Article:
Monday, February 22, 2016


Room XXVIII - Painting in Rome in the Early 1700s

“Luti painted scenes of great miracles, as was then customary, but he underlined the nicely narrative tone, almost a historical document. The monumentality of the scene is scaled down by the soft and clear paint, typical of the rococo grace” (Official Web Site Barberini Gallery -
Four paintings “Allegory of the four parts of the world: Europe, Asia, Africa and America“ about 1709
Models for the mosaics in the spandrels of the vestibule of the Baptistry Chapel in the Basilica of St. Peter eventually executed only in the years 1724/26
The presence in the Baptistry Chapel of the representation of the four continents known at the time is symbolic of the desire on the part of the Catholic Church to spread throughout the world the saving power of the Sacrament of Baptism
“The Venetian Pietro Ottoboni (1667/1740) was a patron of artists, musicians and writers. (...) Despite the wealth of his office, his munificence was such to find himself burdened with debts incurred for his patronage. (...) He was also the chief patron and client of Trevisani, so much so that in 1698 he gave him accommodation in the Palace of the Chancellery and appointed him as his Primo Pittore (First Painter)” (Lorenza Mochi Onori)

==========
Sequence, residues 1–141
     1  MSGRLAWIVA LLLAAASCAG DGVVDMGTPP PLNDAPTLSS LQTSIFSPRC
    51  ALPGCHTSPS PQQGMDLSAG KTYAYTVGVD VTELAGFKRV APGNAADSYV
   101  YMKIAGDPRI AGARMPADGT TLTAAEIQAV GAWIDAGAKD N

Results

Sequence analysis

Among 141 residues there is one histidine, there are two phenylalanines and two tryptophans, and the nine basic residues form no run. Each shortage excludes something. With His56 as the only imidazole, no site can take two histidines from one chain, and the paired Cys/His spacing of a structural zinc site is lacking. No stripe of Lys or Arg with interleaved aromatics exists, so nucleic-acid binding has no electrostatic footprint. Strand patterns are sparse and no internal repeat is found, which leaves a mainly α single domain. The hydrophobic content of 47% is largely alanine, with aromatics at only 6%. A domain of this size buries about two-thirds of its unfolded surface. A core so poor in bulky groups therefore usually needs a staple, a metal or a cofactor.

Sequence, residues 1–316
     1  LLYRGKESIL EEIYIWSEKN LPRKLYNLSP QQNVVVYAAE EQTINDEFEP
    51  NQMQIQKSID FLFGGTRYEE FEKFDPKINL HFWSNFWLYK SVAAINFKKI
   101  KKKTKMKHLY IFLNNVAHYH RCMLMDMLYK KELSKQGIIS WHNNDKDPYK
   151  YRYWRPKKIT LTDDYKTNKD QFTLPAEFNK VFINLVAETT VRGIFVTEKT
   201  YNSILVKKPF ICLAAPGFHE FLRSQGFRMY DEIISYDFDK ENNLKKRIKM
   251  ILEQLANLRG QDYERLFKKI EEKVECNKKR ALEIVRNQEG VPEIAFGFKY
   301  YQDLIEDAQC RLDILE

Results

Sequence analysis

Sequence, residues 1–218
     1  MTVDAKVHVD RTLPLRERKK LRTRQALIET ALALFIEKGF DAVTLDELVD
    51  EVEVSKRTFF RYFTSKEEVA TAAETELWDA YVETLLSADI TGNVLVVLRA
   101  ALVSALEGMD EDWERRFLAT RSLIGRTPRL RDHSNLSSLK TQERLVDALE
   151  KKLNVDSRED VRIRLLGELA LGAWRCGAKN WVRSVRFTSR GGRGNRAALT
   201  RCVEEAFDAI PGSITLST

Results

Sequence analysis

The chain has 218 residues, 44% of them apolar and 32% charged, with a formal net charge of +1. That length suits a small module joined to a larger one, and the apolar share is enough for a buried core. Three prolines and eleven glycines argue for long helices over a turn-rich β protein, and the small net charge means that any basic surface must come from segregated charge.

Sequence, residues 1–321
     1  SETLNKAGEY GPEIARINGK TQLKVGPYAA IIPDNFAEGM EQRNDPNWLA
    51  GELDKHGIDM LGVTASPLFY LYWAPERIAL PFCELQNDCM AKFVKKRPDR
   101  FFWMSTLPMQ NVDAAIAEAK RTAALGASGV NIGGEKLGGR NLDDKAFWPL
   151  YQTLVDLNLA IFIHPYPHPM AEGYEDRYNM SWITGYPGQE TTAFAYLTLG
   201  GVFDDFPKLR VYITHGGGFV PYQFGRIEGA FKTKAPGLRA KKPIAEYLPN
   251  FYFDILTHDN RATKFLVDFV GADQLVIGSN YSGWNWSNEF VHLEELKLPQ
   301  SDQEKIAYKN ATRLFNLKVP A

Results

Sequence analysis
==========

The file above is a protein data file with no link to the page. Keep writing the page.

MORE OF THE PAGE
Beautiful and sensual “Mary Magdalene” about 1725, represented here with almost theatrical flamboyance by Francesco Trevisani (1656/1746) from Istria
“Strong charge of monumentality, enhanced by the quite unusual framing, almost three quarters, which sheds light on both the face and the nude and sensual body of the saint, emerging from the shadows of the rocky background. (...) Pathetic yearning of theatrical taste, much appreciated by Cardinal Pietro Ottoboni, Trevisani patron and protector of the Arcadia” (Anna Lo Bianco)
“The large portrait of the Quarantotti family, signed and dated 1756 on the pillar on the left, celebrated their son preacher in distant lands, surrounded by family members dressed in exotic way, in an atmosphere eccentric and suspended. The picture, in addition to expressing the spreading of passion for the Orient, is a polished piece of realism, anticipating Goya. But it's good to know that it was Goya himself, in his sojourn in Rome in 1770, to copy a Benefial work in his notebook, the Expulsion from Garden of Eden - shown here - clearly aware of the innovative power of the paintings by this artist” (Official website of the Barberini Gallery -
“The stories of Hercules and Omphale and of Pyramus and Thisbe are united by a reference to love as a passion that goes beyond human reason. They depict, in fact, Hercules ranking as a maid and giving his club, a symbol of virility, to the queen Omphale of Lydia, enslaved by love, and Thisbe who kills herself in front of the body of the beloved Pyramus, who, in turn, committed suicide believing that she had been torn by a wild beast” (Lorenza Mochi Onori)
Sketch for “St. Margaret of Cortona finds the corpse of her lover” in the Church of S. Maria in Aracoeli, all works by the great Roman painter Marco Benefial (1684/1764)